No matter what industry you work in, as an employee, you want to equip yourself with the best skillset possible so that you can benefit your company. Prepare yourself by choosing a useful major in college and taking practical courses. However, once you have graduated and are working for your company, you should continue to improve the following skills.
Talking to large groups of people is a valuable skill for any company, whether your business sells paper or cars. You need to be able to deliver a convincing sales presentation to potential investors, but you also must know how to talk to your coworkers about mutual goals. Community colleges offer classes in public speaking nearly every semester, and depending on how old you are, you may qualify for free classes. If taking a class is not an option, ask a more experienced sales representative for tips. You could also look for online classes.
Not everyone wants to be the boss. However, leadership exists at every level of a company. Taking a leadership seminar will give you valuable insights into guiding your teams and will boost your resume. Volunteering for extra responsibilities will also give you hands-on leadership training. For example, by taking the lead on a sales project, you will learn how to effectively guide a group to complete a goal, even though you will not learn about official strategies.
Knowing how to carry out conflict resolution is applicable to any workplace setting. Many outside organizations offer training in conflict resolution, or your human resources department may have a company-specific one. In these courses, you will learn how to mediate between two people who have either a personal or professional issue. Then, you can help them with strategies such as active listening and I-statements, which are when people use “I” to explain their emotions rather than “you.”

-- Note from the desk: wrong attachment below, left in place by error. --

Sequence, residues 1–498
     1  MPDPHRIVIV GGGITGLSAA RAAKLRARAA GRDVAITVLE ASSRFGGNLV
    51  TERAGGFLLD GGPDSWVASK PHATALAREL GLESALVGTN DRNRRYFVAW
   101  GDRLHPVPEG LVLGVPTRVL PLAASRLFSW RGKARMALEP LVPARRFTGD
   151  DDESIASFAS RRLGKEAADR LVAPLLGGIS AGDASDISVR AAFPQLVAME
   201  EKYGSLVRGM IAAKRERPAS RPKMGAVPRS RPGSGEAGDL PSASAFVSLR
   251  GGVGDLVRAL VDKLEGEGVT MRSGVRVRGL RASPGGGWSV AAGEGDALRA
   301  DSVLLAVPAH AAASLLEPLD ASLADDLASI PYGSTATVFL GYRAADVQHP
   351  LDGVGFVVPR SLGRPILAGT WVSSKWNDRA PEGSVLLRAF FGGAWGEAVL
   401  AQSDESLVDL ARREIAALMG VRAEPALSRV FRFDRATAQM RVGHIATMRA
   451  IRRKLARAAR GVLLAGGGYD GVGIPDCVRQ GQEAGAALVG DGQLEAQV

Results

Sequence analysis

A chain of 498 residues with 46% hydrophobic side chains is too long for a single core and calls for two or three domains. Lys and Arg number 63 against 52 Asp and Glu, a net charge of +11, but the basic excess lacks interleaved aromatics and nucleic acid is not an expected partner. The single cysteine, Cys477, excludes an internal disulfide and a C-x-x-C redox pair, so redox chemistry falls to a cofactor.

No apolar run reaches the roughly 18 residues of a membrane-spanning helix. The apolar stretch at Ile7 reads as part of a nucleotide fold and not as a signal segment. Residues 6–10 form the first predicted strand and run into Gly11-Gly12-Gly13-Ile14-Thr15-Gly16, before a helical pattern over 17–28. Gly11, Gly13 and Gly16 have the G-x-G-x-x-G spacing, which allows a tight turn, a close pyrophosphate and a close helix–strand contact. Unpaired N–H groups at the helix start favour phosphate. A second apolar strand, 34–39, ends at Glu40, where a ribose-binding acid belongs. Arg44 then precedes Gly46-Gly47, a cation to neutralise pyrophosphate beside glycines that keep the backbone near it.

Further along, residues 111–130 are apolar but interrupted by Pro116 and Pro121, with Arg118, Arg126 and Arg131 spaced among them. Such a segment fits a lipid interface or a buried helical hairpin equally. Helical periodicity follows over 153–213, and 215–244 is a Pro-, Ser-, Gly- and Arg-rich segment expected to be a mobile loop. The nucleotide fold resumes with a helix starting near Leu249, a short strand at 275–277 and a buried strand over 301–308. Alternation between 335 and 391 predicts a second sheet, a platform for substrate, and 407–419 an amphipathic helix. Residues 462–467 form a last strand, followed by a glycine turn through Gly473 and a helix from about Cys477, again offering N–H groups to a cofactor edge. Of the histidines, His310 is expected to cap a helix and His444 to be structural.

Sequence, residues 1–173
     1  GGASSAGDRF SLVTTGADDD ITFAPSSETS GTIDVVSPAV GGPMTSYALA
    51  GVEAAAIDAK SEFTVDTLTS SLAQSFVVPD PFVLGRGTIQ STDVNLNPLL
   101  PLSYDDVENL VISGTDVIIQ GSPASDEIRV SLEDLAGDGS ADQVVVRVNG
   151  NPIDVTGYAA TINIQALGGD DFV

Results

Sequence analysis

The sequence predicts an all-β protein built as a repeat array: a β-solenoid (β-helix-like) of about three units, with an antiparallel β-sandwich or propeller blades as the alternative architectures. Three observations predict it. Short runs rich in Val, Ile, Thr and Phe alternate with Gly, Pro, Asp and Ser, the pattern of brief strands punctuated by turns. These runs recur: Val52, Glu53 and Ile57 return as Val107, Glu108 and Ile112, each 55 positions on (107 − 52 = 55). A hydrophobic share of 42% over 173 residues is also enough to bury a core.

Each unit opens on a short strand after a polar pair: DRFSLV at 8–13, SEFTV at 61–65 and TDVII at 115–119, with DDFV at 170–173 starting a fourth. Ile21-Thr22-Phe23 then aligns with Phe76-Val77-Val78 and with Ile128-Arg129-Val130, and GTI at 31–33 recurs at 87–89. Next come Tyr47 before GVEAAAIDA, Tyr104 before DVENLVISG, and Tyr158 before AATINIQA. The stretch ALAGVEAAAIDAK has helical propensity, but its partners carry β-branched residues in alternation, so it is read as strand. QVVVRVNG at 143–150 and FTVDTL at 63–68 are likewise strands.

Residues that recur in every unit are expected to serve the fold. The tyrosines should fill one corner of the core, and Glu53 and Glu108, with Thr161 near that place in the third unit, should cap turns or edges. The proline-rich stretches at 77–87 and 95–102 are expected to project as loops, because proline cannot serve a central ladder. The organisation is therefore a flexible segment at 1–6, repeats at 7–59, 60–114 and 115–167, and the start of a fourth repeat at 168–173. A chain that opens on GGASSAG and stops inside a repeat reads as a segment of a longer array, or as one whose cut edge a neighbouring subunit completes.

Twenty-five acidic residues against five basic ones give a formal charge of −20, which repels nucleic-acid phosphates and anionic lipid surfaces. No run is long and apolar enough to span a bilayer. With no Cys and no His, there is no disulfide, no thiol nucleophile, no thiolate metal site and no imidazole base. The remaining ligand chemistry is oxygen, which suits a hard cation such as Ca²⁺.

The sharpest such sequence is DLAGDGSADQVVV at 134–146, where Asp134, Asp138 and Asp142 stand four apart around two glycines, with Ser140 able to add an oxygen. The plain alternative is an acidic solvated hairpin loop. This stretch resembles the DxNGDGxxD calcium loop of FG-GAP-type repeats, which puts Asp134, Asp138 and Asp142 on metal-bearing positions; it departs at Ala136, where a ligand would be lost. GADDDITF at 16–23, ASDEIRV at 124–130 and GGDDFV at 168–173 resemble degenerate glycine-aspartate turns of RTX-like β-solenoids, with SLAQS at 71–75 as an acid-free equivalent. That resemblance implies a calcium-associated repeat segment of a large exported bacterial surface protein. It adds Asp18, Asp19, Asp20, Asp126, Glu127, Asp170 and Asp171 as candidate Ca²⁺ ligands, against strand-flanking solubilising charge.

Companies that specialize in emergency response require their employees to have certifications for skills such as first aid and cardiopulmonary resuscitation, or CPR. However, emergencies can occur in any environment, and having knowledge about emergencies could save the lives of your clients and coworkers. You can take courses from the Red Cross or your local police department. Not only do these courses give you the skills you need, but they also provide equipment such as a CPR mask.
Most companies are at least partially digital. You probably have to email clients and coworkers, and you may also have online recording systems for sales. However, having more than a basic knowledge of computers is always a plus. Take classes to become certified in the use of a specific kind of word processing software. You can also take more advanced courses to learn about HTML and other programming languages so that you can help develop your company’s website. Other digital literacy certifications involve social media usage and marketing.
Time management is a hard skill to teach, but if you can master it, you will save your company lots of money and work more efficiently. Ask your supervisor for feedback about your time management, and pay attention to instances when you seem to be running late or when you miss deadlines. Then, find strategies that will help you reclaim your time. Log out of all social media accounts while you are at work. Set alarms for the ends of breaks so that you remember to go back to work. Every time you set a meeting, write it down in your calendar and make sure to budget enough time for it. After every major project, analyze your progress and see if you are getting better at managing your time.
You may not officially be a customer service representative, but you probably still have to work with customers. Learning how to speak to customers honestly and helpfully will prevent misunderstandings between you and your clients.
Take the time to master these skills, and you will save your company money and become a more valuable employee.
Publish Date: February 7, 2020 3:01 PM